Savannah has always known her life span is limited. A family curse, passed down the bloodlines means every generation will birth a daughter of ‘Hella’ the family member who accidently cursed her own bloodline generations ago. Savannah is fighting for her life, but she may have found a way to end the curse once and for all, the only issue, ending the curse may kill Savannah in the process and if it doesn’t, there are plenty of people out there who would kill her for her power. Savannah will have Savannah has always known her life span is limited. A family curse, passed down the bloodlines means every generation will birth a daughter of ‘Hella’ the family member who accidently cursed her own bloodline generations ago. Savannah is fighting for her life, but she may have found a way to end the curse once and for all, the only issue, ending the curse may kill Savannah in the process and if it doesn’t, there are plenty of people out there who would kill her for her power. Savannah will have to look to the past as well as the future, and be willing to accept every part of herself if she is to end the curse and make it out alive, but the harder she looks, the more she realises the curse isn’t the only thing she needs to worry about, and she has to learn who to put her faith in before it’s too late. If there’s one word I had to use to describe this book it would be angry. Savannah knows that her anger makes the curse affect her faster, that each time she brings it out her lifespan lessens, but in a world where she is looked down on for her skin colour, for the way she dresses, for her sex, it’s hard not to be angry every single minute of every single day. She’s angry at the way her mom’s fiancée treats her, for how her family look at her with pity in their eyes knowing she is bound to die young, at her aunt for dying before telling her how to deal with the curse. But she is also incredibly determined, once she realises that there is a way for the curse to be ended she knows she has to try, not only to save her own life, but for the generations of Hella’s girls that are bound to come after her. She is incredibly strong willed, even when she is terrified and doesn’t know who she can rely on, and I couldn’t help but get invested in her story and want it to end as happily as it can. I love a well build side cast and Watson definitely delivers in this book. Everyone from Savannah’s mother, aunts, cousins all play a part in the story and I loved the scenes when they were together as a family. Seeing the love and concern they all have for each other, as well as the general scheming aunties and teasing cousins. We also have Savannah’s friends, Rosie and Dex who returned to Cape Town after years away. Every character plays some part in the story, even if it’s just to add a bit of levity to a heavy and brutal story, and I loved seeing her interact with them all, coming to realise that she doesn’t have to live with this curse all by herself. Blood to Poison effortlessly transports you to the backstreets of Cape Town, and Watson manages to give us a wealth of folklore to go along with her fantasy. It did take me a little while to find my place in the story, there’s no real easing into the magic system, but once I got my head around it I found myself engrossed in the story and wanting to learn more about the magical underbelly to Cape Town that Watson creates. Watson uses the history of Cape Town, it’s bloody history of slavery, racism, sexism as well as the apartheid to really allow us to understand, not only Savannah’s anger, but the anger of a people who have been living with these injustices their whole lives. Watson’s writing style is incredibly atmospheric and ensures you feel transported whilst reading the story. The pacing was well done, there were no real lags and in fact, I felt sometimes the plot jumped quite erratically, but it didn’t affect my overall enjoyment. She also implements multiple plot twists that help keep the story fresh and us as the reader intrigued, some that definitely hit a little harder than others. This may have been my first book by Watson, but it certainly wont be my last. Perfect for lovers of folklore, unapologetically angry characters and a little mystery added into their fantasy.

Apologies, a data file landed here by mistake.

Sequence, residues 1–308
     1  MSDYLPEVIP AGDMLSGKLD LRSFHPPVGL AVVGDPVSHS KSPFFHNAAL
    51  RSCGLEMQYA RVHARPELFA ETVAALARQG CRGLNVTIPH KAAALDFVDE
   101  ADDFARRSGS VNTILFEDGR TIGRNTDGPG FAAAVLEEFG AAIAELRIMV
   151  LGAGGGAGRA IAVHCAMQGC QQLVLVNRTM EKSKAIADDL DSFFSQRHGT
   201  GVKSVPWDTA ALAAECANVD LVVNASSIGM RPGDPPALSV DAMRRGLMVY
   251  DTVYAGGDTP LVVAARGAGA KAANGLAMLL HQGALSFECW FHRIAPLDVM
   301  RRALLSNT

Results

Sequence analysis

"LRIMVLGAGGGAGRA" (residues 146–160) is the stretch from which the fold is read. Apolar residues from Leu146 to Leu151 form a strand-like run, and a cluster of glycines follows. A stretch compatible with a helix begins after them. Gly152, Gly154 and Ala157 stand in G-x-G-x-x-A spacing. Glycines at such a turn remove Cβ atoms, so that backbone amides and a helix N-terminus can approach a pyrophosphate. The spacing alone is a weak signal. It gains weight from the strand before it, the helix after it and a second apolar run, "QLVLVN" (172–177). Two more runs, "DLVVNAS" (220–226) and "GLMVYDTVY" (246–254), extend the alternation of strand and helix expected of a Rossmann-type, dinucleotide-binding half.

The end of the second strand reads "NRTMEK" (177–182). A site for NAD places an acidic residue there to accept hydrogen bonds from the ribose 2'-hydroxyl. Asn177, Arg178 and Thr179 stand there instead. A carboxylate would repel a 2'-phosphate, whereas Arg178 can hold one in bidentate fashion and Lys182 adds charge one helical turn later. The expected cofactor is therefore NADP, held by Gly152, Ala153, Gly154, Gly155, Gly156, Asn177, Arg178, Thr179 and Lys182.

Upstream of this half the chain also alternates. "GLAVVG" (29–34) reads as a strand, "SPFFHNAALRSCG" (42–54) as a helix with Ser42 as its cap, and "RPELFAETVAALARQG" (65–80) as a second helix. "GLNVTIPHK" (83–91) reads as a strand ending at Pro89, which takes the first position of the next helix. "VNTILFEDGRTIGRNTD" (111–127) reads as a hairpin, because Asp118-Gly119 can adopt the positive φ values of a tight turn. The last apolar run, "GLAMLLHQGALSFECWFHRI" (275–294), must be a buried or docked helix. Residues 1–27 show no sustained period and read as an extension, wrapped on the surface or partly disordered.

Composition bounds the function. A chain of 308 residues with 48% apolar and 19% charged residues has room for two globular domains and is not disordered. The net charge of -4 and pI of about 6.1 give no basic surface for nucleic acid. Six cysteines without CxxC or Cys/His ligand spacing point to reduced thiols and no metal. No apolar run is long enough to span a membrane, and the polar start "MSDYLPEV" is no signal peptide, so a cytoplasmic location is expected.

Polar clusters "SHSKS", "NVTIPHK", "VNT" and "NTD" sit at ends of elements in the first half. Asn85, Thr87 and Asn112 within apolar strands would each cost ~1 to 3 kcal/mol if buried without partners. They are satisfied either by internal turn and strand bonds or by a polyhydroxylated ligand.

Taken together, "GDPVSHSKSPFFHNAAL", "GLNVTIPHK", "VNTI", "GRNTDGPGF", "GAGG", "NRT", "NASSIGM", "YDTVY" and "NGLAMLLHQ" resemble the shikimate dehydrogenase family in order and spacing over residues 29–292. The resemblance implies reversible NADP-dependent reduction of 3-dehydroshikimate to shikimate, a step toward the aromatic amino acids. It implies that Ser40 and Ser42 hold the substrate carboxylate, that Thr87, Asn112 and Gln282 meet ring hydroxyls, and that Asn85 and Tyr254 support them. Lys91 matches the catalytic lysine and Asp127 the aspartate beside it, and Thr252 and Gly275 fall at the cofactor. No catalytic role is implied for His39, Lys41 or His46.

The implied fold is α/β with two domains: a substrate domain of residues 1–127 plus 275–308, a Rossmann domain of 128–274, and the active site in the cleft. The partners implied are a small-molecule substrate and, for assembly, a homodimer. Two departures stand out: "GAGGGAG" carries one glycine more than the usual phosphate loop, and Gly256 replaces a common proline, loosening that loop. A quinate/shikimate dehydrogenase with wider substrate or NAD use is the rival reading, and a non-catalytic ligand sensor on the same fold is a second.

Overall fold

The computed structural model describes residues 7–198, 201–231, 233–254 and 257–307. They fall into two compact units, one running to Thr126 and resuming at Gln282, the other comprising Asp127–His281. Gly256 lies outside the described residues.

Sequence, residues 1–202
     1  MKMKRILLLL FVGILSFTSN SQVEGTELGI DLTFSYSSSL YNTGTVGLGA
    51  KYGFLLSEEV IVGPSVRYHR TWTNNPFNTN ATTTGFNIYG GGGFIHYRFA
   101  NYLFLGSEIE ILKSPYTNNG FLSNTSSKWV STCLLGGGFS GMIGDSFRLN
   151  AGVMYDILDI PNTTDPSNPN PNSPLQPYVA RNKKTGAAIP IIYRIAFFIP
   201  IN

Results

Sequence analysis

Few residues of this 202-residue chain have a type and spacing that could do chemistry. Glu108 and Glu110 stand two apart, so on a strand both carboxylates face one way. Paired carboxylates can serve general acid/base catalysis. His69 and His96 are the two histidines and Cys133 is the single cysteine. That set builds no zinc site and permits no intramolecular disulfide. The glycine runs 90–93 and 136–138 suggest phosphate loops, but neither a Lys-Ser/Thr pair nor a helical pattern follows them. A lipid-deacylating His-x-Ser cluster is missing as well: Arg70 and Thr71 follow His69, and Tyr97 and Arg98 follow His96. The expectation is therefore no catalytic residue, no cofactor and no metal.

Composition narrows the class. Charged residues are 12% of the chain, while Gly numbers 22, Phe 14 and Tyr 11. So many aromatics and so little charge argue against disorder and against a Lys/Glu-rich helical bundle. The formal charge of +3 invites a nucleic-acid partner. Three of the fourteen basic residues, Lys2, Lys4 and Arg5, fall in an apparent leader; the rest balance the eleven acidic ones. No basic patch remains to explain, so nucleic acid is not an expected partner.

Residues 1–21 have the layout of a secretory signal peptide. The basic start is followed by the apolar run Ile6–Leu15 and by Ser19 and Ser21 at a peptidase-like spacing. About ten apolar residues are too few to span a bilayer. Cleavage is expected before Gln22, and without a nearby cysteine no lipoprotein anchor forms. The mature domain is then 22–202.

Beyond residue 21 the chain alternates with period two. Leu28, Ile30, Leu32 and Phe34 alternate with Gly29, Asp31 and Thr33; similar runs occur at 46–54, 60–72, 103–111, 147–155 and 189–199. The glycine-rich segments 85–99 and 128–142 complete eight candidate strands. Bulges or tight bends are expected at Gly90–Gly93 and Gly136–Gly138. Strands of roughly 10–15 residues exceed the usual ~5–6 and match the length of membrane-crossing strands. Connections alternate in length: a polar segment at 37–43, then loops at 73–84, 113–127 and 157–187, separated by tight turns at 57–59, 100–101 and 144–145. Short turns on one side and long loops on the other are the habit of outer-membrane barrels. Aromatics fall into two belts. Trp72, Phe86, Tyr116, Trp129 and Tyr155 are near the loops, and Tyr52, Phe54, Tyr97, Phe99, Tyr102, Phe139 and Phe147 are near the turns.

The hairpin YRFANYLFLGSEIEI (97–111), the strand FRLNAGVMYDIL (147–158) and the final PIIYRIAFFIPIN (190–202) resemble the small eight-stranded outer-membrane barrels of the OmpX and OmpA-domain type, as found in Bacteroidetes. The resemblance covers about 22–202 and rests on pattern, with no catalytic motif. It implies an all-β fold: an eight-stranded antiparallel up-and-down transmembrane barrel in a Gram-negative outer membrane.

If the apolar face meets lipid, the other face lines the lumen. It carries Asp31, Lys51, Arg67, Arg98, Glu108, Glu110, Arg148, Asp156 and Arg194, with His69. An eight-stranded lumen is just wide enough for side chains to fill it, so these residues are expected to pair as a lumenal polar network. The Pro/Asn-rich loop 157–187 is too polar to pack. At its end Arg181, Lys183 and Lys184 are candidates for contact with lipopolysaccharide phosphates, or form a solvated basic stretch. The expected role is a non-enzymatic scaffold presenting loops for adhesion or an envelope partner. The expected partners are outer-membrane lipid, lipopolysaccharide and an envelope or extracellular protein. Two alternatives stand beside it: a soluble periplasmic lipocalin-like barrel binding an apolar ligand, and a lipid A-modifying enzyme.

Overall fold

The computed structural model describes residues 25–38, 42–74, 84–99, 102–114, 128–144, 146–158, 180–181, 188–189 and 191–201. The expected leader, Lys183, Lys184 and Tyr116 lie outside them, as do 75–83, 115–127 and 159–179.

16. 4 out of 5

    Amanda-Jaied Wathern